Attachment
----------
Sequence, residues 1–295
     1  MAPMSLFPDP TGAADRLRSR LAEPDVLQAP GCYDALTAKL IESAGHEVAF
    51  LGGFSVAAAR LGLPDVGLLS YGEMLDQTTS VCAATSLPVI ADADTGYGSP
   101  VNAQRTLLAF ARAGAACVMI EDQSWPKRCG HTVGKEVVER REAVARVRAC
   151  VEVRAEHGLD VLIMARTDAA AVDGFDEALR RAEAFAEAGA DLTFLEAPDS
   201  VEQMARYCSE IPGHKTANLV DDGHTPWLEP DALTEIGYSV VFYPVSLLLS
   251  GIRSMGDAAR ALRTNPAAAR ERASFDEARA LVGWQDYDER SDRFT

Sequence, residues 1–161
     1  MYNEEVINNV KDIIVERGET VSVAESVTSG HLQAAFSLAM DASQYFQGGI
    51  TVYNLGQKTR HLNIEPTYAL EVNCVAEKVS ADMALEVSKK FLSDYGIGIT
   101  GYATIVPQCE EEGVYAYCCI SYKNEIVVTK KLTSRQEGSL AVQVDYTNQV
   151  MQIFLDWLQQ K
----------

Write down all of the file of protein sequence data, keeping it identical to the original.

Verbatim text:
Sequence, residues 1–295
     1  MAPMSLFPDP TGAADRLRSR LAEPDVLQAP GCYDALTAKL IESAGHEVAF
    51  LGGFSVAAAR LGLPDVGLLS YGEMLDQTTS VCAATSLPVI ADADTGYGSP
   101  VNAQRTLLAF ARAGAACVMI EDQSWPKRCG HTVGKEVVER REAVARVRAC
   151  VEVRAEHGLD VLIMARTDAA AVDGFDEALR RAEAFAEAGA DLTFLEAPDS
   201  VEQMARYCSE IPGHKTANLV DDGHTPWLEP DALTEIGYSV VFYPVSLLLS
   251  GIRSMGDAAR ALRTNPAAAR ERASFDEARA LVGWQDYDER SDRFT

Sequence, residues 1–161
     1  MYNEEVINNV KDIIVERGET VSVAESVTSG HLQAAFSLAM DASQYFQGGI
    51  TVYNLGQKTR HLNIEPTYAL EVNCVAEKVS ADMALEVSKK FLSDYGIGIT
   101  GYATIVPQCE EEGVYAYCCI SYKNEIVVTK KLTSRQEGSL AVQVDYTNQV
   151  MQIFLDWLQQ K